From Grumpy to Grateful (A Thanksgiving Story) Chapter 2

I’m sharing my new, soon-to-be-published-God-willing children’s book, From Grumpy to Grateful, with my readers in the next few days leading up to Thanksgiving. If you missed the first two posts, here are the links:

When Herod saw Jesus, he was greatly pleased, because for a long time he had been wanting to see him. From what he had heard about him, he hoped to see him perform some miracle. Luke 23:8


          “Don’t let him bother you, Jackie,” said Charlotte, who was brushing her hair at the bathroom mirror. Charlotte was Jackson’s sister. She was three years older than he was, and a lot more grown up when it came to handling mean kids. She had a way of making Jackson feel better – usually.

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But today even Charlotte couldn’t lift him out of his sour mood.

          “Don’t call me ‘Jackie’!” he snapped. “I’m not a little kid anymore. It’s Jack now.”

          Nobody called Bill “Billy.” That would be like asking to get punched in the nose. The kids respected Bill. Or maybe they were just afraid of him, but anyway, Bill was cool, and Jackson wanted to be cool, too.

          “OK, Jack,” his sister said, smiling a little. “Don’t let that kid get to you. He’s always been mean, especially since his parents got divorced. He’s mean to everybody.”

          “But nobody’s mean to him,” said Jackson.

          Charlotte laughed. “Yeah, they’re too scared of him. Come on, let’s get ready for Sunday school.”

          “I don’t want to go today,” said Jackson, trying on his new “cool” act.

          “What?!” cried Charlotte, looking very surprised. “You can’t be serious!”

          Wow, thought Jackson, this is a sure way to get attention!

          “You had fun last week,” said Charlotte. “That story about Jesus walking on water? And then Peter doing it? That was awesome! You said so yourself.”

            “Well, I haven’t walked on water lately,” said Jackson in his coolest voice. “Let’s see Jesus help me do it.”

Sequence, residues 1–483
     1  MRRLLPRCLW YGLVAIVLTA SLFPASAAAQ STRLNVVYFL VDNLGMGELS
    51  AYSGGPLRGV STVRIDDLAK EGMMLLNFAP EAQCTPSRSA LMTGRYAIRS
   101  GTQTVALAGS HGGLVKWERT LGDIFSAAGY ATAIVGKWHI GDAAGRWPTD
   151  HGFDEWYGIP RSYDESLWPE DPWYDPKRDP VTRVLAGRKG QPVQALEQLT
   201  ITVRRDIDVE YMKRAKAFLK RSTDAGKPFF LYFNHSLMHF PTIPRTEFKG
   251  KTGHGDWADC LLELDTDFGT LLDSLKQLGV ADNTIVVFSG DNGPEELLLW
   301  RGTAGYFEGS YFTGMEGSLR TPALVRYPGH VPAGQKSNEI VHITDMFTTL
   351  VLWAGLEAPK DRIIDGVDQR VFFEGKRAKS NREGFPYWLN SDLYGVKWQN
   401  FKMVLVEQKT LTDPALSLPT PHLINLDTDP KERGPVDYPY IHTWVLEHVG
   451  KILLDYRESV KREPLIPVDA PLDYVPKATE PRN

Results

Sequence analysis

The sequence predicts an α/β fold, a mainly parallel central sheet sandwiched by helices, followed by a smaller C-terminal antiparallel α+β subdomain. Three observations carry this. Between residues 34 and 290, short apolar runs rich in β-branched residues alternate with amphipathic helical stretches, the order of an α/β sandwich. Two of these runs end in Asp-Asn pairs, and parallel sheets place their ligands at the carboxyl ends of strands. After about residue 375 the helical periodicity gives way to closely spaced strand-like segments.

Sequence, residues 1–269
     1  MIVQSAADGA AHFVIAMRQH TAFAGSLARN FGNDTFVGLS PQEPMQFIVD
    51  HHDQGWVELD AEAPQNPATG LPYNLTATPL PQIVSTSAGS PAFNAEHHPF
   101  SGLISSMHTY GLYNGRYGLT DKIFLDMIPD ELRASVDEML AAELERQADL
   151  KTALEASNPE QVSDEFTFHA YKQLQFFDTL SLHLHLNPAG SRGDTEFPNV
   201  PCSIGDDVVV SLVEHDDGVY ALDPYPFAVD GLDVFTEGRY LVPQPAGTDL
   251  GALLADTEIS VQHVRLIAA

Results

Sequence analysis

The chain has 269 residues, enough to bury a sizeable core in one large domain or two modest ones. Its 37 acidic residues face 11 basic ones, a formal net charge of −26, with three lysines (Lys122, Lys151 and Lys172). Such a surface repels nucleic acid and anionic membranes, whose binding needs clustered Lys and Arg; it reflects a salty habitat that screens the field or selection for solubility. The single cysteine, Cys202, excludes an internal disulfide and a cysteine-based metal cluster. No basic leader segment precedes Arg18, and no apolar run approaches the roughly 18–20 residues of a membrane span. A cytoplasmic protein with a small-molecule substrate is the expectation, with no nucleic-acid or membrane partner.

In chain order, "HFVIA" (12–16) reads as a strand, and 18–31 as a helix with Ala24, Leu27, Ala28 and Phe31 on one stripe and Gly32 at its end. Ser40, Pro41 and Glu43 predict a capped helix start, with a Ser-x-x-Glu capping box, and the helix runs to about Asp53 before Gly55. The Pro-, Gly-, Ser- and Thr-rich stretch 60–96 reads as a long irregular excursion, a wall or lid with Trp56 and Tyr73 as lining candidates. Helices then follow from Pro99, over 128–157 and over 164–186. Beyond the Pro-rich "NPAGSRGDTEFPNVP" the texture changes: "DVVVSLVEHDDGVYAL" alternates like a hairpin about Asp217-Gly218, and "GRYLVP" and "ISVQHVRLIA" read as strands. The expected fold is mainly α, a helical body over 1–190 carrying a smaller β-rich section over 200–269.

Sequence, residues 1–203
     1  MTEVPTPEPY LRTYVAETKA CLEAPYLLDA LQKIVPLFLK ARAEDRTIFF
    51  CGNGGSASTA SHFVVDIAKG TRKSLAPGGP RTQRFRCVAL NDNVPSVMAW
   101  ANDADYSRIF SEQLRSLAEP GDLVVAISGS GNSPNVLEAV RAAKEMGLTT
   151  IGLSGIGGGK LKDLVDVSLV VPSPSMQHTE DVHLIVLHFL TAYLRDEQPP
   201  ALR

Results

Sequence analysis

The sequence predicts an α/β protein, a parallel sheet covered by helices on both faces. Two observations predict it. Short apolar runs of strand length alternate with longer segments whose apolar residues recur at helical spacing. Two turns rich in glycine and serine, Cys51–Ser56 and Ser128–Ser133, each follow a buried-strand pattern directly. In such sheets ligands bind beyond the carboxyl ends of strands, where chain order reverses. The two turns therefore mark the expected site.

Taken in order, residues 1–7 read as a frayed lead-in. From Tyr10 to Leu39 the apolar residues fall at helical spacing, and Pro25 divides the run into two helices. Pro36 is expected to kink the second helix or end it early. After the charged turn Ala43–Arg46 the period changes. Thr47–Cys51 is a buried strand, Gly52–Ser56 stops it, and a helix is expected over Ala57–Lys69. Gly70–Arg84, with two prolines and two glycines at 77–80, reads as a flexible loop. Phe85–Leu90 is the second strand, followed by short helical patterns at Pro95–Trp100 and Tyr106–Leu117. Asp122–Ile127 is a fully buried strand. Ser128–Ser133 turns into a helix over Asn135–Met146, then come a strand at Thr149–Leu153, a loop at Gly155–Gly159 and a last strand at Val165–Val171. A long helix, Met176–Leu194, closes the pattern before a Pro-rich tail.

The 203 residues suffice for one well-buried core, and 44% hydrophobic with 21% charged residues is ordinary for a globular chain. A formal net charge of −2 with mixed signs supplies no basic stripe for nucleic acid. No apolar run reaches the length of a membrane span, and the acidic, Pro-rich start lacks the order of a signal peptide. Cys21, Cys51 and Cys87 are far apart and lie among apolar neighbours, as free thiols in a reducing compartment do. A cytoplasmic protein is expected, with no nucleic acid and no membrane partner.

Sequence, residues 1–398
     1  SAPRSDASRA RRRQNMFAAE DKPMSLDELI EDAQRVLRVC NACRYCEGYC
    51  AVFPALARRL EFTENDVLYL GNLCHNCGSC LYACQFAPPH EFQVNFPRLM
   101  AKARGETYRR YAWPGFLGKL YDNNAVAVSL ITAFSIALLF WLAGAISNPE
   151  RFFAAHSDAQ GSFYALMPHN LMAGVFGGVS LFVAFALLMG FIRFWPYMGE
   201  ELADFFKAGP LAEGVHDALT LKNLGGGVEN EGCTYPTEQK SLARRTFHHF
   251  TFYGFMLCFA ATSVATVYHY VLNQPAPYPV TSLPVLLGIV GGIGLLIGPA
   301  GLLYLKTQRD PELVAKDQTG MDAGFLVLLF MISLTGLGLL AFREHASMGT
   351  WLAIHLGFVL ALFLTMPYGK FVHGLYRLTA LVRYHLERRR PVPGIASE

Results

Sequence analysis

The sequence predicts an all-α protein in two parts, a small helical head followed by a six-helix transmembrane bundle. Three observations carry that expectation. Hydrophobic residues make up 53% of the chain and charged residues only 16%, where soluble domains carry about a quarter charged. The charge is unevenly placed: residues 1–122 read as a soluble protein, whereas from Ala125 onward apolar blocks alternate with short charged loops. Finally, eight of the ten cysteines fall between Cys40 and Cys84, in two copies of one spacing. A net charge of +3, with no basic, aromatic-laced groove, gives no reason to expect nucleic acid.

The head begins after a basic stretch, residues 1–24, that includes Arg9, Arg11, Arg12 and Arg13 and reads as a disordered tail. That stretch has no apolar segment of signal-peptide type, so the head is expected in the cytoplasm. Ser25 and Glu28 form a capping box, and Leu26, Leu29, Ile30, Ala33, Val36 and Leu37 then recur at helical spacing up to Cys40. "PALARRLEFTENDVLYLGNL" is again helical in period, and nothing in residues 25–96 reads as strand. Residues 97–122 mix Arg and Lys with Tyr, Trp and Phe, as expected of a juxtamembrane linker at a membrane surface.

Charlotte looked surprised that Jackson would say such a thing, but she replied, “Well … I suppose you could ask Him.”

          Jackson went out to the sidewalk where the bug Bill had squashed the day before still lay, covered with hungry ants. He found a puddle in the pothole by the end of the driveway.

          “OK, Jesus,” he said. “Do Your stuff.” He took a deep breath and stepped out over the puddle. As he lowered his foot, it sank ankle deep into the water.

          “Way to go, Jackie,” said Charlotte, rolling her eyes. “Now you gotta go change your shoes and socks, and we’re gonna be late for church.”

          “I told you, it’s Jack, and I don’t wanna go!” Jackson snapped back. He felt a knot in his stomach for what he was about to say, but he said it anyway.

          “What has God ever done for me? I’ve never been healed! I’ve never seen anyone raised from the dead! I’ve never had loaves and fishes multiplied for me! I’ve never seen any miracles! Maybe it is all a fairy tale.”

            Charlotte looked shocked and about to cry. Jackson felt bad for making her feel that way, but he also felt cool.

          “Well,” said Charlotte, frowning, “Mom and Dad won’t let you skip church anyway, so you’re going, Jack.” She said the new name in such a nasty way that Jackson was starting to wonder whether being cool was going to be worth losing the good relationship he had with his sister.

To be continued …

Prayer: Father, thank You for Your patience with us when we are being ungrateful and foolish. Open our eyes to Your goodness, and help us reflect the joy that is available to us every day when we are close to You and grateful for Your presence in our lives. In the name of Your precious Son, Amen.


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